Q&A: Shadow Child

Tell us about your journey. How long have you been producing music now? Can you tell us a little bit about how you got started?

I started making Electronic music when I was 11 or 12 at school; we’re talking back in 1989. It wasn’t like now where music rooms have iMacs with software on, schools were very traditional, with regular instruments; trumpets, recorders or maybe a drum kit if you were lucky. Our school actually had some money invested in it for arts and the music teacher was somebody who wanted to develop music technology which at that time which was pretty much unheard of at any other school. I didn’t know that back then; I thought all schools were doing this kind of thing. I was so lucky.

At the same time, I was discovering Acid House, which was weird for a kid of 12 years old when I look back on it. My step-dad had a soul record (Londonbeat ‘9am’) that strangely had a wicked Acid tune on the B-side of the 12”, I remember being so blown away by it. I was going into school and trying to make those same noises with the equipment and it completely opened it all up for me. It just all clicked together and made sense to at that moment.

So you’ve always been surrounded by music?

Yeah, both my parents had really varied record collections, so I grew up playing their records. My Dad was really big into the Rolling Stones and different Rock bands mainly, but he also had the odd John Michel Jarre record and things like that, my Mum loved bands like New Order, Duran Duran, Tears for Fears, real ‘80s music, so I grew up playing all their records and being really taken by any music that had electronic sounds in. Anything that had an Electronic vibe to it I was really obsessed with. I just remember thinking ‘Where is that coming from?’, how are they doing this?’

How old were you when you started to go out nightclubbing?

I didn’t really go properly until I was about 18/19… before that I just went to a couple of under 18 raves. My mates and I would go when we were 15 or 16 which was around the first time I’d seen DJs mixing vinyl in the flesh. My MC mate and I blagged a spot once to perform some of my tracks, copying the classic Rave acts we’d see on TV with dancers and stuff. Our year head at school actually caught wind of it all and offered us a spot at 9am in assembly once. Pretty unreal at the time, playing Breakbeat Rave music at 930am in the school hall.. I guess it was 1992 after all!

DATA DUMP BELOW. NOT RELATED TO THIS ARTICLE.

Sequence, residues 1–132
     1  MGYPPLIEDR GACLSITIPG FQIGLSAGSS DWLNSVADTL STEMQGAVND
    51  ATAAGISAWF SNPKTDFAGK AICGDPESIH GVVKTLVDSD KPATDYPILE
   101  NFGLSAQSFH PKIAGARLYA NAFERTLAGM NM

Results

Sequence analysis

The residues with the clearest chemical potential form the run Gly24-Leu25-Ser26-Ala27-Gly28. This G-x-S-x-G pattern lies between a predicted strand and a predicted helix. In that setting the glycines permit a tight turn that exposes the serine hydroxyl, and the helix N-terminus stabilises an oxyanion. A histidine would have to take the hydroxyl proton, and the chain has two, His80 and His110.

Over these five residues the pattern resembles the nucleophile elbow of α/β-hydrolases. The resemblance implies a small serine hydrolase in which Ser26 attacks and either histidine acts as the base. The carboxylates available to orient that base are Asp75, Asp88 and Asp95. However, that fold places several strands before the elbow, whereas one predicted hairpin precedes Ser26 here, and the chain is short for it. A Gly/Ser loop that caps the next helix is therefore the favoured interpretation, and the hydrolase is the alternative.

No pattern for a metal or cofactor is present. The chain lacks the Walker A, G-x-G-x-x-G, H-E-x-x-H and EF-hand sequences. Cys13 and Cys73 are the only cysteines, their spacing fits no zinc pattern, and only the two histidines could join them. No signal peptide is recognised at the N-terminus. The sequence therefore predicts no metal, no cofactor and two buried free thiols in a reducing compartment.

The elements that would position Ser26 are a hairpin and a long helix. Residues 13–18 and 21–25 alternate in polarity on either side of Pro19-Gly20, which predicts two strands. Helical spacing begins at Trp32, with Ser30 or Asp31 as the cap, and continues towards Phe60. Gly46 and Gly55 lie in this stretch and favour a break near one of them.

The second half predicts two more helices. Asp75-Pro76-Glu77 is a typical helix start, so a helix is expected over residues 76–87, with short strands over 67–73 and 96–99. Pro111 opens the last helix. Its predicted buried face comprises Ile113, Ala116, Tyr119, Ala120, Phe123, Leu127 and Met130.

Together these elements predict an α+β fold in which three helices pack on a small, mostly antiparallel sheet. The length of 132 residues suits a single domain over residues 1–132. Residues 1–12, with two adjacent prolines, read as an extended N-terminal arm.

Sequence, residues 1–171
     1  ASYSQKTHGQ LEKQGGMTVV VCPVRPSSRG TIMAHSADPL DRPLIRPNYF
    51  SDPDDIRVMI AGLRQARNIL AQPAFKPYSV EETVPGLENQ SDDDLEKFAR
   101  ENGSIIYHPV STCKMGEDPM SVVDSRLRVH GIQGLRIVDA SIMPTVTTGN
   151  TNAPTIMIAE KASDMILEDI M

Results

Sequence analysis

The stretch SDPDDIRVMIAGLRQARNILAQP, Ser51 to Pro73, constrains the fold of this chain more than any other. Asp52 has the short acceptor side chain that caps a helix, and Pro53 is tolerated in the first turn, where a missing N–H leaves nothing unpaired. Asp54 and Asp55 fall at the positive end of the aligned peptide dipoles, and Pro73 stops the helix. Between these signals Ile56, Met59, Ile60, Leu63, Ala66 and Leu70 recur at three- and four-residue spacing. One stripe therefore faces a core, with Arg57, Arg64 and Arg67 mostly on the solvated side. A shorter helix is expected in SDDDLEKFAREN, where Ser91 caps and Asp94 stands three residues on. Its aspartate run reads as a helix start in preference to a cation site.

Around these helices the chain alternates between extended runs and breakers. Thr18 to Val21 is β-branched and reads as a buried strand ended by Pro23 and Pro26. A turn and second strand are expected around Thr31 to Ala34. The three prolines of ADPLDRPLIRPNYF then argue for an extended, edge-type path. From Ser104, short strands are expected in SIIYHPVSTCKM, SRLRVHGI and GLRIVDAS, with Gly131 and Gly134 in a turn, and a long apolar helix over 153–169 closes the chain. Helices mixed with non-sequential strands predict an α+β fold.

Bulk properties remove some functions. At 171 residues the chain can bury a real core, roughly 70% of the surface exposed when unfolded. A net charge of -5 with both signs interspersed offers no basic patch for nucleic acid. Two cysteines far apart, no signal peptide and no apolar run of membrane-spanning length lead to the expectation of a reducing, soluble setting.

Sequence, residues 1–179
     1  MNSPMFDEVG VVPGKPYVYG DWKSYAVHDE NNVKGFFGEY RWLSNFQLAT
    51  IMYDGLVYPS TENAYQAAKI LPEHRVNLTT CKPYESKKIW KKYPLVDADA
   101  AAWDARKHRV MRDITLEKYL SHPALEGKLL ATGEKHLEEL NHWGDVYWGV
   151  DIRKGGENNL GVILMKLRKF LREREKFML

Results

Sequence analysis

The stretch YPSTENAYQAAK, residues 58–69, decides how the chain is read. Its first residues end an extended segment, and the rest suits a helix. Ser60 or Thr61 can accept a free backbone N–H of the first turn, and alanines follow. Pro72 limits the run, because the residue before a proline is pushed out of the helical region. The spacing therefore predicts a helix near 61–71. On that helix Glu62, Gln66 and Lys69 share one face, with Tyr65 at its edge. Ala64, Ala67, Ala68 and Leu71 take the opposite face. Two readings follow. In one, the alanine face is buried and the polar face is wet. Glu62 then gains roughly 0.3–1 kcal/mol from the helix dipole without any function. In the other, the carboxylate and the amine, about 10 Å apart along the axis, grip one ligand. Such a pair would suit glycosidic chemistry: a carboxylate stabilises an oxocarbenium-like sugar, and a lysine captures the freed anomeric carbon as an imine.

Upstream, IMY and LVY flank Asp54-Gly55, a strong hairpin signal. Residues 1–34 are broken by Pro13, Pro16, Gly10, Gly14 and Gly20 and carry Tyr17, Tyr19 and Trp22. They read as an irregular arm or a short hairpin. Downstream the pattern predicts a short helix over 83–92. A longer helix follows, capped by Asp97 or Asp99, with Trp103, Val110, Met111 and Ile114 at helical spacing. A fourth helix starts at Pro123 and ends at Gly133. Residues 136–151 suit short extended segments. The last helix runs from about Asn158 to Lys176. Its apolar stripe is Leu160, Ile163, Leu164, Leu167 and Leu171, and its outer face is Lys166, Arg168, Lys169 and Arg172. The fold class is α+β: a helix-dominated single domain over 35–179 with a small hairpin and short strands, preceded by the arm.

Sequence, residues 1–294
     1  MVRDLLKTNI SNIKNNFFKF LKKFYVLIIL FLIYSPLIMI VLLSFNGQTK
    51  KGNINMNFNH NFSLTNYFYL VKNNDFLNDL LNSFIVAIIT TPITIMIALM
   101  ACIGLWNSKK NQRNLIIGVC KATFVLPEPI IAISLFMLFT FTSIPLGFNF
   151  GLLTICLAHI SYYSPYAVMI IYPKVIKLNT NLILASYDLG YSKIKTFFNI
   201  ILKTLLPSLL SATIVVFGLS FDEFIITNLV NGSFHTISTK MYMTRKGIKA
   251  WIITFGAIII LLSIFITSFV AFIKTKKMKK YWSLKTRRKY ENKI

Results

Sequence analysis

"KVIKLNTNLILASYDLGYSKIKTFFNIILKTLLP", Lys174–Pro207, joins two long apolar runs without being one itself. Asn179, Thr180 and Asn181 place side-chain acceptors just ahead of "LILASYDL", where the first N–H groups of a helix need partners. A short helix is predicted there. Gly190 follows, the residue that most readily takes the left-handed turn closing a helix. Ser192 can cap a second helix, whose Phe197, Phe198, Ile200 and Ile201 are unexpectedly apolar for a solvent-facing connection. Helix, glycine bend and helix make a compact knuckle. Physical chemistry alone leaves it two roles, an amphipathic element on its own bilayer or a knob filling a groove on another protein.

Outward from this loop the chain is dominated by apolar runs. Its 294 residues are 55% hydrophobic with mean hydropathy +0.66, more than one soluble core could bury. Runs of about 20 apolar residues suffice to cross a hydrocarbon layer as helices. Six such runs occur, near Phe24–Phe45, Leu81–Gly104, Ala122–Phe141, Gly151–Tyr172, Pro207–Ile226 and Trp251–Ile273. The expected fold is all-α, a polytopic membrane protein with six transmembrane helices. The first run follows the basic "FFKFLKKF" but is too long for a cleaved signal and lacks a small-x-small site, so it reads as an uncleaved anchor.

I did know what was going on with DJ’s and the direction of the music because I’d collect mixtapes and go to the local record shops, but I wasn’t attached to the culture and raving so much, it was just all about making the music, I’ve always been a nerd.

So you were really fascinated by all these different sounds in school, but at which point did you know you wanted this to be your career?

I knew from school. I knew as a 14 year old this is exactly what I wanted to do. When I was in school, the Prodigy came around and you had a few rave acts getting on Top Of The Pops, although there was still a very underground thing happening. The whole scene was actually pretty negative in the press up until that point, but they’d inadvertently fuelled the fire for the whole scene and everyone of a certain age wanted to get involved. All I knew about at the time was the music and I knew I could make great tunes if I just kept going.

My parents at the time would never have seen it as a career path. As much as they were encouraging me to make music, they were also aware of the negative side of this music at the time. It wasn’t a realistic thing for my teachers and parents to be pushing me to do, but I already had it in my head that this was going to be it, I didn’t know how but I just knew music is what I wanted to do.

In the April of 1993 just before I left school, The Prodigy came to play in my hometown of Portsmouth and I got to meet Liam Howlett. We hung out the whole time before they played and he was really interested in my music, when I told him I was making tunes at school. We stayed in touch for a short time afterwards and he encouraged me to send my music to XL Recordings which didn’t pick me up, but sent me a hugely encouraging hand-written letter, which goes to show how much music has changed these days! I’m also really close with Nick Halkes nowadays, who wrote that letter back in ’93. Madness!

Can you read music? Are you classically trained?

I’m not actually, no. I used to play a trumpet when I was about 9 years old for a couple of years at the most. The trouble is I discovered this music… and trumpets don’t make these noises! If every Rave record featured trumpets I’d have been all over it.

It’s actually an interesting point and it came up on the Q&A video I did for you. I know one pretty well known Techno producer who is classically trained and it’s defiantly a plus, but I think it could be also hard to turn that side of your musical brain off. A huge part of what we all do is not musical in a way, it’s a vibe. So, sometimes I’m glad I’m not classically trained. I’ve always winged it and totally just learnt everything myself. I’ve taught myself everything and you can’t beat that.

What was the first DAW you started using when you started to produce?